U.S. Senator Richard Shelby (R-AL), ranking member of the Commerce, Justice, Science, and Related Agencies Appropriations Subcommittee (CJS), today announced Senate approval for a number of important projects in the Birmingham area that are included in the Omnibus Appropriations Act, 2009. Following today’s action by the Senate, this bill will go to the President for his signature.
“This legislation includes a number of important projects in Alabama and across the nation,” said Shelby. “The Senate’s action on this bill reiterates our commitment to funding these projects and advancing important nationwide initiatives.”
The Commerce, Justice and Science subcommittee’s jurisdiction includes the National Aeronautics and Space Administration (NASA), the National Oceanic and Atmospheric Administration (NOAA), the Economic Development Administration (EDA), the National Science Foundation (NSF), and the Departments of Commerce (DOC) and Justice (DOJ), among others.
Nanotoxicology: Exposure, Delivery and Safety of Nanoparticles - $700,000
With this funding, the University of Alabama at Birmingham will work with researchers at NOAA to develop the multidisciplinary capacity to assess the biological effects and disposition of nanoparticles.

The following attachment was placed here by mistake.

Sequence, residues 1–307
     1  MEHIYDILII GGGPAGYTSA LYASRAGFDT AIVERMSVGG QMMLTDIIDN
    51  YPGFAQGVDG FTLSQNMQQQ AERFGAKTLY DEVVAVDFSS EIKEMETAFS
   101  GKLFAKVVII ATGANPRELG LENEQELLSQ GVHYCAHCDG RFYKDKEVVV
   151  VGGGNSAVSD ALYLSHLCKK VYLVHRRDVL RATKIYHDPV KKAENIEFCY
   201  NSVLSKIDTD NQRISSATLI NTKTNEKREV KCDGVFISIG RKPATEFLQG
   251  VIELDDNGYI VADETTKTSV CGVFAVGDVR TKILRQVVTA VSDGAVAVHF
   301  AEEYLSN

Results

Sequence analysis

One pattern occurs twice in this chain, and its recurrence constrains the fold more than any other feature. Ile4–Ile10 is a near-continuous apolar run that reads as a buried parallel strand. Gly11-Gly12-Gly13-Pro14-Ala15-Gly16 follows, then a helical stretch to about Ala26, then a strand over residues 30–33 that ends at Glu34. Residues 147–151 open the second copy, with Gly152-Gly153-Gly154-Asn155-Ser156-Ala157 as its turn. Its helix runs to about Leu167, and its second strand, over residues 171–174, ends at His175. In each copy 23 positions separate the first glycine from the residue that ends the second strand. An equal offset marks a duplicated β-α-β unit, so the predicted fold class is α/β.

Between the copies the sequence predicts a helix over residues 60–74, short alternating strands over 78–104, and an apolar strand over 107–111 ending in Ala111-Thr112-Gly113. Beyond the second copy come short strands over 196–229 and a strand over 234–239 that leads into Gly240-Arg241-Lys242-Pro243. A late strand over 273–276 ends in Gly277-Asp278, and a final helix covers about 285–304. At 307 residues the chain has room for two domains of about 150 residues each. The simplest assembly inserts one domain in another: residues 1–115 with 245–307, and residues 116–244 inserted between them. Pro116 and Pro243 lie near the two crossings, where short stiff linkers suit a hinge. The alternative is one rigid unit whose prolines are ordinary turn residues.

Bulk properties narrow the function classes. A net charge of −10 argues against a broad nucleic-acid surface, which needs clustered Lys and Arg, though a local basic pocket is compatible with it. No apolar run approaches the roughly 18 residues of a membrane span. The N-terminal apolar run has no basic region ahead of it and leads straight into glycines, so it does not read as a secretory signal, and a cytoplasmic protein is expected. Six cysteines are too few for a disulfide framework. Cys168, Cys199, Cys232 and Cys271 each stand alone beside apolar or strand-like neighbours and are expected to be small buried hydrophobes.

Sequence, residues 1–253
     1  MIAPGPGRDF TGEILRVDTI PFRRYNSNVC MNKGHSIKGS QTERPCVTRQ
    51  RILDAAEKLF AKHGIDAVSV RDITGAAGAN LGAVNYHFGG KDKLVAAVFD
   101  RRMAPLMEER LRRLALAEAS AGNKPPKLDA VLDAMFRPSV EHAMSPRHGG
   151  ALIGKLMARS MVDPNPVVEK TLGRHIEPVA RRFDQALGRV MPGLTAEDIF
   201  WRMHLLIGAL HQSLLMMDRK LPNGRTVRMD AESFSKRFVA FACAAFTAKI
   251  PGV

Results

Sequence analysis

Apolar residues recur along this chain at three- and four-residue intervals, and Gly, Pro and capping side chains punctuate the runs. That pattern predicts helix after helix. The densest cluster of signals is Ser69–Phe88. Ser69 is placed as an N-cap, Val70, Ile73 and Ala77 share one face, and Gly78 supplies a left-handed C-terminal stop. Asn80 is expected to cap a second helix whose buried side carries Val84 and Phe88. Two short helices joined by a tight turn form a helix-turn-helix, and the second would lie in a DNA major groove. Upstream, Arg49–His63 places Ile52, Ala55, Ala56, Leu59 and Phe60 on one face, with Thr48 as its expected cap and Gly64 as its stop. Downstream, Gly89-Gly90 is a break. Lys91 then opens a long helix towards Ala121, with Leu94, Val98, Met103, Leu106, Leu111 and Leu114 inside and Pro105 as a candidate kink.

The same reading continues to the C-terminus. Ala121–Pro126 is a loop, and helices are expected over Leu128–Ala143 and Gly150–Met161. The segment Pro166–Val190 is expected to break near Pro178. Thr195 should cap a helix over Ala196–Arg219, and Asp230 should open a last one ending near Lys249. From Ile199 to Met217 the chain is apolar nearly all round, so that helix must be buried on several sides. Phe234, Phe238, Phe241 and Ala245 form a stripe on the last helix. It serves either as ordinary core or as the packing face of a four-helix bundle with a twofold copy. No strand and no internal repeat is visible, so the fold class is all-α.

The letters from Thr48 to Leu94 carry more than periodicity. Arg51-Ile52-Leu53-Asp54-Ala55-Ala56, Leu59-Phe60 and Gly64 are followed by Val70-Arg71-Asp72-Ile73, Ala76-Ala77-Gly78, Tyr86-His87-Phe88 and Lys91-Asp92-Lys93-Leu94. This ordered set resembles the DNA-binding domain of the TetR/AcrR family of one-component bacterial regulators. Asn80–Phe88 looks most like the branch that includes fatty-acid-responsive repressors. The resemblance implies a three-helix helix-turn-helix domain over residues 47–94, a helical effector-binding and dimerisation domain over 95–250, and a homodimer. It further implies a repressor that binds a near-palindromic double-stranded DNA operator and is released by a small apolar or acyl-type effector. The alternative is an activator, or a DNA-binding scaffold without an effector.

“UAB has long been on the forefront of emerging scientific research,” said Shelby. “Researchers at UAB believe that nanoparticles hold substantial promise for pharmaceutical delivery and probes of cell function. This funding will help them to learn more about nanoparticles and continue this exciting research.”
Development of Characterization Techniques for Advanced High Temperature Materials in Space Launch Applications - $500,000
Materials and technology are tremendously challenged in the extreme environments they encounter, both when they are launched into space and when they reenter the Earth’s orbit. This funding will allow for the further research surrounding modeling, testing, and characterization techniques for advanced composite materials in extreme environments.
“The severe environments that will be encountered in planned launch systems and other aerospace applications require the use of advanced composites in both structural and thermal protection systems,” said Shelby. “The successful utilization of these materials in these environments requires testing and evaluations to keep pace with the increasingly severe settings in which they are used. This funding will identify gaps in current technology and develop applications to solve these challenges, reducing the overall risk to the programs.”
McWane Science Center Science Literacy Program - $400,000